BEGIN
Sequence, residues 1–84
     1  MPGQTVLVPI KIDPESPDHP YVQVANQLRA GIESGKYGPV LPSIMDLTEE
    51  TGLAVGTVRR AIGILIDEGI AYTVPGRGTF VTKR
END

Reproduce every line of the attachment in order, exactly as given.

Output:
Sequence, residues 1–84
     1  MPGQTVLVPI KIDPESPDHP YVQVANQLRA GIESGKYGPV LPSIMDLTEE
    51  TGLAVGTVRR AIGILIDEGI AYTVPGRGTF VTKR